MR. J. H. DALZIEL (Kirkcaldy Burghs)

observed that the right hon. Gentleman had said that this proposal was in accordance with precedent; but if it was, why did he break through the precedent and try to make bargains with hon. Members on the back Benches? The Secretary of State for the Colonies justified the proposal as being in harmony with all the precedents. The right hon. Gentleman said it was in accordance with precedent that any Government making any proposal dealing with the procedure of the House, should take all the time until the question of procedure had been discussed and dealt with. But a short time before the right hon. Gentleman had shown himself willing to disregard this precedent, and to make a bargain here and another there if hon. Members would only deliver few speeches and make that progress with which he would be satisfied. The Secretary of the Colonies taunted right hon. Gentlemen on the Opposition side of the House with their attitude when this question was before former Parliaments. But there was no analogy. In former Parliaments, whatever was done with regard to Tuesdays, they had the satisfaction of knowing that any Motions they had to bring forward they could move on the Friday evenings. But to-night, on a Tuesday which belonged to private Members, they were actually discussing Government business, namely whether or not the Government should take away Fridays. He contended there was no justification whatever for the action of the Government in taking away Tuesday, a private Members' night, in order to discuss whether they should also take Fridays away. The First Lord of the Treasury said that although they might to-night discuss the Resolution of the right hon. Member for the Forest of Dean, they could not get any further forward with it, and that the discussion would be practically useless for legislative purposes. He differed from the right hon. Gentleman in that conclusion. The Motion which was first on the Paper dealt with an evil which was admitted both by the late and by the present Government. The late Home Secretary, indeed, brought in a Bill to deal with the evil, and he had publicly admitted the pressing need for legislation in this direction. Would the discussion of such a subject not be a practical result? He maintained it would be. Hon. Members might be able to convince the Government of the urgency of dealing with the matter. At any rate one result of such a discussion would be that the Government would see there was a possibility of bringing forward a Bill and passing it through the House without any prolonged discussion. There were two things hon. Members ought to have before this Debate concluded. They ought, in the first place, to have a pledge from the Leader of the House that when private Members' days were going to be taken in future, any discussions upon the proposals should be conducted on Government days. It was not fair on a private Members' day to come forward with a proposal to take away the remaining days which ought to have been appropriated to private Members. Let them have full notice, and let the matter be settled on a Government day instead of upon a day which did not belong to the Government at all. They had, up to the present, received no assurance as to what the Government were going to do with Tuesdays in future. The right hon. Gentleman opposite had said that in previous Sessions private Members had only one or two Tuesdays, and that therefore the present could not be much worse than previous Sessions. But what was the attitude of the right hon. Gentleman himself when these proposals were made? The right hon. Gentleman had taunted other right hon. Gentlemen on the Opposition side of the House on their attitude in not opposing proposals of the kind when made by the late Government; but there was not one single such proposal in any Session in the late Parliament that the right hon. Gentleman himself did not oppose to the utmost of his power, so that if right hon. Gentlemen of the Opposition were inconsistent, they were inconsistent in good company. They ought to have an assurance from the Government that this Tuesday was only taken under very urgent circumstances, and that in future Tuesdays would not be taken, or if they were, adequate notice would be given of any such proposal, together with ample time for discussing it.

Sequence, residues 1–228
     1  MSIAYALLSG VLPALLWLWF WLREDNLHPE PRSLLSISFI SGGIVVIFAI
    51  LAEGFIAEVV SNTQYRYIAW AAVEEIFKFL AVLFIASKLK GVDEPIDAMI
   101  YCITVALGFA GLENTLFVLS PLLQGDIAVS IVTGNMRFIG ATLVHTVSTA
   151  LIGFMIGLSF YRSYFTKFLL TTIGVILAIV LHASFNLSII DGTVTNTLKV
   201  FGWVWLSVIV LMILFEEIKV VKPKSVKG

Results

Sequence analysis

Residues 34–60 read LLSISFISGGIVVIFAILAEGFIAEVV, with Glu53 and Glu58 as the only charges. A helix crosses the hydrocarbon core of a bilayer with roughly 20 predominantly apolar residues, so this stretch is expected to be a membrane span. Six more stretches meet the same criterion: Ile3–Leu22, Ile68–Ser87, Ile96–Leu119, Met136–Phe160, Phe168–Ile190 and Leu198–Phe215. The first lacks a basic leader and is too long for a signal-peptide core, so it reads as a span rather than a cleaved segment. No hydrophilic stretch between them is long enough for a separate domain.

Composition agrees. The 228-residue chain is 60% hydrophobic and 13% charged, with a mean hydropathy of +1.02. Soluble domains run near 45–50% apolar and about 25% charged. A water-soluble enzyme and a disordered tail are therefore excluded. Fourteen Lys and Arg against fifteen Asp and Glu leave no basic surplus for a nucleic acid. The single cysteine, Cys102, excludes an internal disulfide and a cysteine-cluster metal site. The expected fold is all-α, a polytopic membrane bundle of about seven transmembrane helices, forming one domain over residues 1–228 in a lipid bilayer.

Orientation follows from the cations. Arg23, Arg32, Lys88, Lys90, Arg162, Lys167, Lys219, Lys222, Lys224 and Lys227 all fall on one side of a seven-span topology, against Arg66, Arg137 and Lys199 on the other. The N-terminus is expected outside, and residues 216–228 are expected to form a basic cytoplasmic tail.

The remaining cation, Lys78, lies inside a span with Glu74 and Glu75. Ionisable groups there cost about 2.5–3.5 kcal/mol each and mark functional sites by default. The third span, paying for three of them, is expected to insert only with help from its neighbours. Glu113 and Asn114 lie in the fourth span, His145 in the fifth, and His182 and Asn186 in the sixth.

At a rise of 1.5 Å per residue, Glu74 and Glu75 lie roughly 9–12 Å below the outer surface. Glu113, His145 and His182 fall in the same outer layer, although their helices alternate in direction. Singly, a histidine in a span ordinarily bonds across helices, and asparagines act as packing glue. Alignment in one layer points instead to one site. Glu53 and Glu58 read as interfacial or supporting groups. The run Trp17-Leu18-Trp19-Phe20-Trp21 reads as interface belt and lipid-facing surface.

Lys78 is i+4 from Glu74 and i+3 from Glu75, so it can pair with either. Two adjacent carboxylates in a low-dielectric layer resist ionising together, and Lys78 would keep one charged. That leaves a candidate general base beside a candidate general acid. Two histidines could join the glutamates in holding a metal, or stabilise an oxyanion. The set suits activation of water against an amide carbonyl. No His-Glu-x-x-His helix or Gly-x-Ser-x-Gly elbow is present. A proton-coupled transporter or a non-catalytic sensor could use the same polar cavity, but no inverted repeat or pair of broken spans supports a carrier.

MR. H. H. ASQUITH (Fife, E.)

desired, if possible, to narrow the area of controversy which this Motion had aroused. He thought the Government were fully alive to the importance and urgency of dealing with this question of fines and deductions from workmen's wages referred to in the Motion of the right hon. Member for the Forest of Dean. He was certain no subject was more interesting to the working classes, nor was there one in which an amendment of the law was more generally called for by their representatives without restriction of party. If the Government would give an assurance either that they would provide time for the discussion of this question on some future day, or, what would be infinitely better, that they would themselves be prepared to submit to the House legislative proposals dealing with the matter in the course of the Session, he thought that most hon. Members would be satisfied with that assurance and would not oppose the Motion any further.


was prepared to promise that a Bill should be introduced by the Government on the subject, and if it was regarded as a non-controversial Measure, there would of course, be no great difficulty in passing it.

The House divided:—Ayes, 336; Noes, 125.—(Division List No. 13.)